The University of Wisconsin Regents deserve credit for pushing ahead with a policy to punish cry bullies who would intimidate others into silence and preserve universities as a place for diverse thoughts to be heard and debated. In October, the Regents voted for a policy that would require that a student be suspended if they twice “materially and substantially disrupted the free expression of others.” Upon the third violation, the student would be expelled.

The policy is needed to ensure that universities can be a place of free expression and diversity of thought. The policy does not prohibit any student from offering a different perspective or even protesting a speaker they dislike. It simply discourages students from disrupting other people from speaking and sharing their views. That is what free expression is all about. Universities used to know that and the UW Regents are reinstilling that principle of small “l” liberal education.

Preserving small ‘l’ liberal education

My column for the Washington County Daily News is online and in print. Go pick up a copy, but here’s a part:

Unfortunately, most universities have abandoned a small “l” liberal education in favor of a big “L” Liberal education. Instead of offering a broad perspective from diverse perspectives, they offer a narrow perspective from a hyper-orthodox view. Whether the subject is related to global warming, abortion, unions, gun rights, health care policy, or any other important issue, there is only one perspective tolerated on most university campuses – the Liberal viewpoint.

The reason is simple. The vast majority of university faculty members are extremely liberal. For example, consider the political donations of faculty members. The best way to tell what is important to someone is to see where they spend their money. According to Opensecrets.org, 97% of all political donations given by employees of the University of Wisconsin system in the 2020 election cycle so far have gone to Democrats. Only 3% have gone to Republicans.

Lest you think that such lopsided political affiliation is an artifact of the Trump era, the percentage was 98% for Democrats in 2014 and 95% in 2012. To put that in perspective, a student takes about 40 college courses with 40 professors to earn a bachelor’s degree. There is a very good chance that a student attending a University of Wisconsin school might complete their degree without ever having anything but a politically liberal professor. In some majors, it is a virtual certainty that a student will never hear anything but a liberal perspective.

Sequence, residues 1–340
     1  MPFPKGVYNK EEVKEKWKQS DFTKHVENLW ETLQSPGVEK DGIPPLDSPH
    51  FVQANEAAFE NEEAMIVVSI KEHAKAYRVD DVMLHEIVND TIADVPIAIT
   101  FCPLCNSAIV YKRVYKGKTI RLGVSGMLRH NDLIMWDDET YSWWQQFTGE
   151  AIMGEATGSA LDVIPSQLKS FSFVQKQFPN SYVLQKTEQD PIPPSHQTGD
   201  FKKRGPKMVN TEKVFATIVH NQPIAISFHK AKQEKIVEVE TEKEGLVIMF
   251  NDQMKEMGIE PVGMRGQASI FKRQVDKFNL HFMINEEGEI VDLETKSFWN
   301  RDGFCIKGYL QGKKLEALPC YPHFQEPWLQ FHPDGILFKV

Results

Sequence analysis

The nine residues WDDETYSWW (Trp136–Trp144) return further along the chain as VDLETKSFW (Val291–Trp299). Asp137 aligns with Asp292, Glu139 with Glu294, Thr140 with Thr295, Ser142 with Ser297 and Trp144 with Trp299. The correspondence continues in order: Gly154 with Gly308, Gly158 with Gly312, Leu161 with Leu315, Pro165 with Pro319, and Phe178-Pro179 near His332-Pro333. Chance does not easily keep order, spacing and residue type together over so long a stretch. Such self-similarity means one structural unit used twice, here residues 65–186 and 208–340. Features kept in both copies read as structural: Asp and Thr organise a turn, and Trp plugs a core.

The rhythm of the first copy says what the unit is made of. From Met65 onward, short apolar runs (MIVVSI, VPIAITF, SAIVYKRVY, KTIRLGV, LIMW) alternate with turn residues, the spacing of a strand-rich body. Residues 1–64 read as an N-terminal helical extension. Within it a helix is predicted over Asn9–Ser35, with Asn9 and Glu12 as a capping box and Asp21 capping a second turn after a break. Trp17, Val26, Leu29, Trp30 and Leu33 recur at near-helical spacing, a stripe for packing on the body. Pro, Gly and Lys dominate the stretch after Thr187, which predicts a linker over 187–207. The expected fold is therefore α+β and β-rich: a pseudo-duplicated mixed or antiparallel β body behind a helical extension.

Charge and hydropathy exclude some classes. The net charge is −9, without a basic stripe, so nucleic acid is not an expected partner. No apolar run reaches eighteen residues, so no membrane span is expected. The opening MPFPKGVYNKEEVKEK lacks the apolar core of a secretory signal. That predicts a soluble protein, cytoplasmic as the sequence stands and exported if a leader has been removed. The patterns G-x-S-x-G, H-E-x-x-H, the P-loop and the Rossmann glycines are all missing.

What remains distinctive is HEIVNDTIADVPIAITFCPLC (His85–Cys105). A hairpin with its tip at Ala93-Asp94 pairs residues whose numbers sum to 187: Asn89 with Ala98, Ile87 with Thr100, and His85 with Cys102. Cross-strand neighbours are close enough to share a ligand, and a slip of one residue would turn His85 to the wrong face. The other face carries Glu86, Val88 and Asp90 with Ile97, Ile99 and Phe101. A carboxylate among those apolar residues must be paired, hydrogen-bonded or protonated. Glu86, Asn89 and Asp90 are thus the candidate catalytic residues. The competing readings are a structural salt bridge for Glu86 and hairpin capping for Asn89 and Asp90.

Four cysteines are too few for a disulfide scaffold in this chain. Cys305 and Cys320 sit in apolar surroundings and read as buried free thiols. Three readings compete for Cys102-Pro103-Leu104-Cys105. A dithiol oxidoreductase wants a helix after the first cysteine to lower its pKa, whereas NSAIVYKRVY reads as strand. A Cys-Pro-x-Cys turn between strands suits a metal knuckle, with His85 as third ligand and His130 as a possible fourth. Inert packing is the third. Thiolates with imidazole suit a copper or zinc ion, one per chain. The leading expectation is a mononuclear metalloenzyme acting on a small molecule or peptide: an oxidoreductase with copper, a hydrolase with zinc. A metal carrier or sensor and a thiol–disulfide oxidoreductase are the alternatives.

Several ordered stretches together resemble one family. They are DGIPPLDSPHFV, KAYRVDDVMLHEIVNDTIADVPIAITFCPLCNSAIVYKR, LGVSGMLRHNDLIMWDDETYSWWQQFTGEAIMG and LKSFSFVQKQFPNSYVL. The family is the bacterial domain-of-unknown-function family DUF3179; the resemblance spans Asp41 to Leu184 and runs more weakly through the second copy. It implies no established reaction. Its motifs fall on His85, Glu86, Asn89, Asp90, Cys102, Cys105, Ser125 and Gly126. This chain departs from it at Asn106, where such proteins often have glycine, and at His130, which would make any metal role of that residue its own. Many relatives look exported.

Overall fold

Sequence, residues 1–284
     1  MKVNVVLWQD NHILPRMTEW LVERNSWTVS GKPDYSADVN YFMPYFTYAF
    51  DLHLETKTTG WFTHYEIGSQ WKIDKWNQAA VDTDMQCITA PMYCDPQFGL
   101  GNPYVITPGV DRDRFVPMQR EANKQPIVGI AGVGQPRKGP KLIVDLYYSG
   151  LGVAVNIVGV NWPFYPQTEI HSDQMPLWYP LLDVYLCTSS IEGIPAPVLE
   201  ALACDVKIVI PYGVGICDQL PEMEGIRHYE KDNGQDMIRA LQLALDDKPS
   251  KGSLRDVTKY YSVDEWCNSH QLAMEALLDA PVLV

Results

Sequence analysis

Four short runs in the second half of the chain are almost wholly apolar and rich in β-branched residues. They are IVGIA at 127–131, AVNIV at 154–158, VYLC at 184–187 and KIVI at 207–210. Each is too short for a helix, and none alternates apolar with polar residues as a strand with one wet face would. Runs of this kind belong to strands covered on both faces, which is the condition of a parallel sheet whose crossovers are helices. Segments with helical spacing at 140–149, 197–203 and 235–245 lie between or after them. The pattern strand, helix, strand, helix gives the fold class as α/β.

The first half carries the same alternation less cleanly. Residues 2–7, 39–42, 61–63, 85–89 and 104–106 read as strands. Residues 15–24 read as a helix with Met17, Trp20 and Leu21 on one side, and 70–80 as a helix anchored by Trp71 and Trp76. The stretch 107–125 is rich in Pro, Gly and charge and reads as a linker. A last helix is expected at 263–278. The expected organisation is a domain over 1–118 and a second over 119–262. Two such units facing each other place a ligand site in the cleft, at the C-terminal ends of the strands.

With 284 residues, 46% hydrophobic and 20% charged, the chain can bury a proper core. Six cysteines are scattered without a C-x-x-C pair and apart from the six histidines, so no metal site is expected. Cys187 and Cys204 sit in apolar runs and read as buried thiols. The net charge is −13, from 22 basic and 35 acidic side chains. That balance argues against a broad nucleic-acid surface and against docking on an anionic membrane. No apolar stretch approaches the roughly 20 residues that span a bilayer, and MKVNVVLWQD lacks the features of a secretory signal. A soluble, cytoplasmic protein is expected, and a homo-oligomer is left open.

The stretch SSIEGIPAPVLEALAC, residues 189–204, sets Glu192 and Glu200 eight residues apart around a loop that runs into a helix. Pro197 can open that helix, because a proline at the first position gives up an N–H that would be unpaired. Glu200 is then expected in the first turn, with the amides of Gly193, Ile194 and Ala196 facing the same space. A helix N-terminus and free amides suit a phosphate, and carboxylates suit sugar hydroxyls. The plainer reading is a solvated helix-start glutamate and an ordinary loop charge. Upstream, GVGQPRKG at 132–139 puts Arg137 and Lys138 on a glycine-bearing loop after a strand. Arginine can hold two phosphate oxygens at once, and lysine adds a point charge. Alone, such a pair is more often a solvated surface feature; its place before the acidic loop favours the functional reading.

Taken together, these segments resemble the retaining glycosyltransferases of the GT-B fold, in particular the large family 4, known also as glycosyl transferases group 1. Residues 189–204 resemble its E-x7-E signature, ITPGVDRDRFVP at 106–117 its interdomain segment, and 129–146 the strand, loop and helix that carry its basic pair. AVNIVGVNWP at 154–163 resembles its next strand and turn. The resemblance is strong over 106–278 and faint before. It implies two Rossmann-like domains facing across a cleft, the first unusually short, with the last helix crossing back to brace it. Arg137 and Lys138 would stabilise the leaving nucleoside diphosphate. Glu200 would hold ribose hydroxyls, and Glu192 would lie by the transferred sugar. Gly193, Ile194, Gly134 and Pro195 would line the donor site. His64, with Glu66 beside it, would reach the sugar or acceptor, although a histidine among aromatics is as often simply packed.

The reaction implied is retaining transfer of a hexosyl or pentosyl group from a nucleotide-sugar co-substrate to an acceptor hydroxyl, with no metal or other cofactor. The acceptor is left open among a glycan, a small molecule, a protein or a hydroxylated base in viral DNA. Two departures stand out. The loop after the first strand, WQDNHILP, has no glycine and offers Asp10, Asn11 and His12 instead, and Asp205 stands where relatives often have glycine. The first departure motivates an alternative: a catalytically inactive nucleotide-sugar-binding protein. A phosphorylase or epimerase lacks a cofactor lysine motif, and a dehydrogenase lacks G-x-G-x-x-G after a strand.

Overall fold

Evers’ vetoes tell us his values

I forgot to post this earlier in the week… here is my full column that ran in the Washington County Daily News on Tuesday.

Governor Tony Evers spent last week telling the people of Wisconsin what his values really are by vetoing several bills that would have made Wisconsinites wealthier, healthier, and safer. Our governor’s actions tell us that he would rather Wisconsinites be poorer, sicker, and less safe if it means that he can appease his liberal benefactors and the social justice warriors.

In light of the state of Wisconsin’s projected budget surplus, the Republican Legislature passed a tax cut. The idea was simple. The people of Wisconsin are paying more in taxes than the government has budgeted to spend. The Republicans voted to reduce marginal tax rates so that those excess taxes would never be collected. Instead, that money would have been left in the pockets of Wisconsinites to spend on their families, businesses, and priorities. The Republican tax cut would have had the greatest impact for lower- and middle-income earners whose lives are most impacted by high taxes.